Feets in shower. Photo by AdobeStock

How using sewage for your shower helps the climate

We literally flush a huge part of produced energy right down the drain. But the hot sewage from you and your neighbours can be used to heat your shower water again - whilst also helping to achieve climate goals at the same time.

As buildings and electrical appliances become more and more energy efficient, attention is increasingly directed towards one of the biggest energy thieves in the home: the drain.

Hot water is second only to residential heating when it comes to household energy consumption. Although the water contains large amounts of thermal energy when it flows out of the sink or bathtub, it is an energy resource that has so far been almost completely wasted.

“Because new buildings require less and less energy for heating, hot water accounts for an ever-increasing share of the total energy demand for heating, in some cases up to 50 per cent,” says Dado Hadziomerovic, a senior research and development engineer at Vattenfall in the area of City Energy Systems. “Given the requirements that exist for new residential buildings to be environmentally certified, it is absolutely imperative that we stop letting the heat in wastewater go down the tubes.”

Almost all heat in the water can be recovered

One solution to recover the heat is to connect the drain to a heat exchanger. Gustav Arnberg at Vattenfall R&D has studied and analysed this technology in depth:

“A waste heat exchanger usually has an efficiency of up to 85 per cent. This means that wastewater with a temperature of 30 to 40 degrees Celsius can provide new hot water at temperatures nearly as high. Other advantages include a long service life and low maintenance costs,” he says

The "new" hot water can in turn be recycled into the property's heating system or fed into a district heating system. In some cases, the water temperature may need to be raised further by means of either district heating or a heat pump, but since the water has already come up in temperature, less additional energy is required to reach the level that may be needed in the individual case.

One of the numerous examples of use can be found in an residential area, Grüne Aue in Berlin, where Vattenfall constructed a system a few years ago, where wastewater is used as part of the heating system for 113 apartments by extracting the excess heat and feeding it into the area's own local heating network. This allows for the recovery of around 20 per cent, or around 150 megawatt-hours, of the total heat energy demand.

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Targeting the greatest potential

Older district heating systems in many cases require high supply water temperatures, above 80 degrees, to be delivered to the customer, while newer systems manage with lower temperatures of around 60 degrees. This development also contributes to the heat-recycling business case for waste water.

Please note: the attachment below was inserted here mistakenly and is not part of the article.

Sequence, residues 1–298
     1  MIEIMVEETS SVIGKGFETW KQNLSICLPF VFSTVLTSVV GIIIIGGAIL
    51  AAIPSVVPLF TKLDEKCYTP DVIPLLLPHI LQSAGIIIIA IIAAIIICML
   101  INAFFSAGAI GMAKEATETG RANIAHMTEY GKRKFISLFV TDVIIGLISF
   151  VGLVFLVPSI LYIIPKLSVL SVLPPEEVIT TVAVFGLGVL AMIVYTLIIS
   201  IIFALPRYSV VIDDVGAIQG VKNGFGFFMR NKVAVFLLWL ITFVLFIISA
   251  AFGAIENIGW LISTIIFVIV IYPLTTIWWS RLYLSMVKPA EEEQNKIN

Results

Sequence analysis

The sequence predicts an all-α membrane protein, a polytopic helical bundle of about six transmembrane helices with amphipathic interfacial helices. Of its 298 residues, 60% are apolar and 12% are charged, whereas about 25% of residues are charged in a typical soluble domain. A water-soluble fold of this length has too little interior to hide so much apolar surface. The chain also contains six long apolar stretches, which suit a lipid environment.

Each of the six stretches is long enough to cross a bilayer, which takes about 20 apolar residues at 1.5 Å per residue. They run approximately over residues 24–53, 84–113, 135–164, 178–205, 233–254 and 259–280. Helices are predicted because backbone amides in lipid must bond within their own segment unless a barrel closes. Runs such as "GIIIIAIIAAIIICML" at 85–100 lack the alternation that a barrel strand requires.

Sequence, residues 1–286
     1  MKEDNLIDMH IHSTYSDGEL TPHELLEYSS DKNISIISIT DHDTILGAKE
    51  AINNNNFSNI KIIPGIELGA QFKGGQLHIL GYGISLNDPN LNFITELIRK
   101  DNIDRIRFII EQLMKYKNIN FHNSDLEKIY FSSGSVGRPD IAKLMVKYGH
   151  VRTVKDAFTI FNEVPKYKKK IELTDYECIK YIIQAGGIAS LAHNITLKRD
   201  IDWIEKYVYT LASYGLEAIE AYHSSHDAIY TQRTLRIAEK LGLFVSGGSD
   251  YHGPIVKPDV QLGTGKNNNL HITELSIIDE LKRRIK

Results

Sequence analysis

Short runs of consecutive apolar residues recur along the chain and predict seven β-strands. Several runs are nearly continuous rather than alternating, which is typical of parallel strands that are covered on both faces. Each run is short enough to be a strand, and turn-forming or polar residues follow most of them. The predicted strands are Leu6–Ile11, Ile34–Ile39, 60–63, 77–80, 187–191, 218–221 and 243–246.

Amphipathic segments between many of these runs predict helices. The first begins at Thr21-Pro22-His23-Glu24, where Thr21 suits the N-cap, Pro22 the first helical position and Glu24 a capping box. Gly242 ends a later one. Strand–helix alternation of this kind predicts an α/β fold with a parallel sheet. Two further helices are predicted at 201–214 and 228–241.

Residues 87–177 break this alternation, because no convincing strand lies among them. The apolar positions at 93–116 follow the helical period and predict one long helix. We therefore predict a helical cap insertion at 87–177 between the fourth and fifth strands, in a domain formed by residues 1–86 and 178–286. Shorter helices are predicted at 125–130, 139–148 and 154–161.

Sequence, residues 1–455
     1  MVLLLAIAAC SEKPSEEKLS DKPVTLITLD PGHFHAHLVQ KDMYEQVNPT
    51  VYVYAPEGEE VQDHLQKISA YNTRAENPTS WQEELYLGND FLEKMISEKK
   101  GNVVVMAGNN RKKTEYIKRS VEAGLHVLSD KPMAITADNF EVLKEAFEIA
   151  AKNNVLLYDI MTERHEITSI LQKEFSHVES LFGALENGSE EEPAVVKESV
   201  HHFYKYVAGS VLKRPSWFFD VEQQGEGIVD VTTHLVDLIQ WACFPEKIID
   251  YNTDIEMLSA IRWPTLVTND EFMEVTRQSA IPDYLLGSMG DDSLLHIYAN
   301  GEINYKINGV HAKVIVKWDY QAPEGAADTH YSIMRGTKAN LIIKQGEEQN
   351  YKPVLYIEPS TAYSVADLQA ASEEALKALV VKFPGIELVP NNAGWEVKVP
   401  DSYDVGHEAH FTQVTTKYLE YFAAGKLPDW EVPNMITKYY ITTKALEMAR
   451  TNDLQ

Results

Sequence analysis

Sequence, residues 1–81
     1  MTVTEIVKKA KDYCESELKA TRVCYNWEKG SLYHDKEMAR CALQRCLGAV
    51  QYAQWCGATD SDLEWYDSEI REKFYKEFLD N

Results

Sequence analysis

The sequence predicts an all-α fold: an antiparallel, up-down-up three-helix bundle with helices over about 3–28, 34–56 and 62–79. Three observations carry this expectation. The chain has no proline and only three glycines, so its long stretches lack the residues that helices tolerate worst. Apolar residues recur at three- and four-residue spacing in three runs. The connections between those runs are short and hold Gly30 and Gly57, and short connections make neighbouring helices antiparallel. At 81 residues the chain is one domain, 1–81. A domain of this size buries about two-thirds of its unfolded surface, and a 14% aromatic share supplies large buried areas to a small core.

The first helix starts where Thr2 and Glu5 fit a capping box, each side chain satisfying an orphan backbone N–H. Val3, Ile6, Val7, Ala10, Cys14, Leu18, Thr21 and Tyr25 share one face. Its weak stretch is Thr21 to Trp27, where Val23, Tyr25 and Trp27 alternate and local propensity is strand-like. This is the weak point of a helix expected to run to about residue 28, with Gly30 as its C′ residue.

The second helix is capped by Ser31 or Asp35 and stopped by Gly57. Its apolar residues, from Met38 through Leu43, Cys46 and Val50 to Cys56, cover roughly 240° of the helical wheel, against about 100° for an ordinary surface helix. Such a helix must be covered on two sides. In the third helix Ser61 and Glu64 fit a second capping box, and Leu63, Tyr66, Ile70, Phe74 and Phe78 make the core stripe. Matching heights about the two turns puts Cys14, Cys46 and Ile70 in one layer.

As with many other technical solutions, the greatest benefits stand to be gained for homes and areas where waste heat recovery has been part of the equation from the start. The greatest commercial potential is considered to be found in activities that produce significant volumes of wastewater, such as pool houses, hospitals, larger residential areas and hotels.

But even for those keen on taking advantage of the opportunity in their existing property, there are already a number of solutions on the market today.

The most common and easiest approach for smaller residential buildings is to install heat exchangers vertically along the drain pipe. Even more efficient is a heat exchanger that is placed horizontally, such as in a basement. The spatial demands are one drawback to this type of installation.

A third, more advanced variant is to collect the wastewater in tanks where the heat is extracted using rotary plates. Such a system can achieve a heat efficiency of 95 per cent, but also requires a block of flats with at least 200 residents in order to produce enough wastewater. A similar solution was employed in the Berlin example above.

An absolute necessity for tomorrow

One challenge these systems currently face is the fluctuation in the availability of sewage depending on where the system is installed, along with a significant variance in temperature of the waste water. Yet another challenge is that a biofilm can form inside the heat exchanger, reducing its efficiency over time.

“There are a number of challenges when it comes to extracting heat from wastewater that need to be solved in order for the technology to become truly useful and economically sustainable,” says Hadziomerovic. “At the same time, there are major benefits. Today, we are wasting enormous energy resources, and in the long run it will be absolutely necessary to get a proper handle on heat recovery of waste water.”

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